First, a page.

Indecent judicial inboxes are about more than just dirty minds

MATT ROURKE / ASSOCIATED PRESS District Attorney Seth Williams (center, pre-weight loss) with Marc Costanzo (left) and Frank Fina.

WE INTERRUPT the latest deluge of disgusting emails coming out of some of the highest offices of our criminal-justice system to point out what should be stunningly obvious:

No amount of sensitivity training can fix a problem this deep.

It's not just about a few guys who like to look at T&A on government computers on the taxpayer's dime. It's about the judgment - or the appalling lack of it - exhibited by people whose very jobs hinge on their . . . wait for it . . . judgment.

Last month, three former state prosecutors - Frank Fina, Patrick Blessington and Marc Costanzo - got spanked for their part of an email chain of sexist, racist, homophobic and pornographic messages when they worked in former Attorney General Tom Corbett's office.

Others previously had gotten the boot from current Attorney General Kathleen Kane for their participation in the sometimes X-rated email exchange. But Philly's ever-merciful District Attorney Seth Williams decided that the three amigos, now employed by his office, would be fine with a little sensitivity training.

Oh, if it only ended there. Today comes my colleague William Bender's latest story (Page 3) about state Supreme Court Justice J. Michael Eakin's indecent inbox that could implicate a circle of judges, state prosecutors, assistant U.S. attorneys and public defenders in what's become known as Porngate.

Seriously, at this rate it probably would be easier to figure out who wasn't sending or receiving this tasteless trash. Give that guy a raise!

It's easy to joke, but the damage here is serious, widespread and lasting.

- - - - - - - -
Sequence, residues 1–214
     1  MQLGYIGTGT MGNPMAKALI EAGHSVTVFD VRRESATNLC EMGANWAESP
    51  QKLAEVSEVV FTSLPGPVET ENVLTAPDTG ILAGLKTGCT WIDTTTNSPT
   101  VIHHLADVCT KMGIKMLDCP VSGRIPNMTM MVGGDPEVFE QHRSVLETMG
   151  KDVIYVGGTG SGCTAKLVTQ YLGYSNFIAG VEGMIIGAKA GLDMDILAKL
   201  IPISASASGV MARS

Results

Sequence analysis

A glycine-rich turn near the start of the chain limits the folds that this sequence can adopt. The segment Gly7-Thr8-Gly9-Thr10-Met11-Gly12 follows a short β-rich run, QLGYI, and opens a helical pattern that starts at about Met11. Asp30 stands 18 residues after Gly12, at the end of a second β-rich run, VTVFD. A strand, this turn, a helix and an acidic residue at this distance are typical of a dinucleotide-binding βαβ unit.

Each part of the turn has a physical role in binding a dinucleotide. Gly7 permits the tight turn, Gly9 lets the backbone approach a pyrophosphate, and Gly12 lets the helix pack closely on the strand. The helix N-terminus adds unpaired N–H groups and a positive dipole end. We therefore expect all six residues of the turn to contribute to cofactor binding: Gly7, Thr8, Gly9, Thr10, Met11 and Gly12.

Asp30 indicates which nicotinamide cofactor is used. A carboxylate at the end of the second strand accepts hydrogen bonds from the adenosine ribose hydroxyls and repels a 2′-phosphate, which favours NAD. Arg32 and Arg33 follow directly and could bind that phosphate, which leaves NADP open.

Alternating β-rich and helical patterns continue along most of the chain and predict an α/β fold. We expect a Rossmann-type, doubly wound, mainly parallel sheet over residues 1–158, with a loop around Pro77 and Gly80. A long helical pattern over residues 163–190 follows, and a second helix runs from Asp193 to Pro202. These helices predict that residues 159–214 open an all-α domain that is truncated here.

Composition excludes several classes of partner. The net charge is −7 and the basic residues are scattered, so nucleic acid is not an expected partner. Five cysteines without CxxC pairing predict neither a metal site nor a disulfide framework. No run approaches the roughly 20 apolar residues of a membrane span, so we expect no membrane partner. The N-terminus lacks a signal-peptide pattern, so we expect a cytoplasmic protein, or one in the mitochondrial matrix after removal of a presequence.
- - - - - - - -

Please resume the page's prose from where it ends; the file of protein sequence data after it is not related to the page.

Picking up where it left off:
Can you imagine the insidious culture that allowed this to happen among so many for so long? The emails date back to at least 2009.

Can you imagine putting your faith in the hands of juvenile jokers arrogant enough to think that this unbelievably unprofessional behavior wouldn't come back to haunt them?

Can you imagine being a victim of domestic violence or rape who has to trust the public officials charged with investigating sex crimes who thought it A-OK to swap photos of near-naked college-age women under slogans such as "Drunk college girls, this could become interesting"? (The D.A.'s office alone handles 1,000 sex-crime cases a year.)

You know what's really interesting? A recent national survey commissioned by the Association of American Universities showed that one in four women experience sex assault on campus.

The survey, one of the largest of its kind with 27 colleges and universities participating - including the University of Pennsylvania and the University of Pittsburgh - found that even in the most serious assaults, almost 75 percent of victims didn't report it to law enforcement. One reason was that they didn't think they would be taken seriously.

These demeaning emails among public officials certainly won't do anything to change that perception - not for sex-crime victims or for others who are already cynical of the criminal-justice system, including people of color who didn't fare any better than women in the emails these public officials passed around. One video in Eakin's inbox features a white man calling Mexican day workers "beaners" and "animals." Another portrays blacks who voted for President Obama as welfare recipients and freeloaders.

Arrested development is the least of the problems here, and I'm not just talking about a district attorney who seems more concerned about his pecs than his pervy prosecutors.

"I'd rather not have you asking me these questions, or NOW being mad at me, or the Daily News having a picture of me from before I lost 55 pounds on the front page of the Daily News," Williams told Philly mag's Holly Otterbein in an article explaining the findings of his investigation.

Between the binder full of porn released in August and the latest emails obtained by the Daily News, the sheer volume should make us all wonder how anyone in our judicial system has the time to do their jobs.

But then I viewed one email of 63 slides, titled "Motivational Posters," that made me think that maybe those involved skipped a few because if they hadn't they might have thought twice about continuing this behavior.

In Slide 63, a stern-looking Dr. Phil is shown pointing his index finger with this message:

"You need f---ing help."


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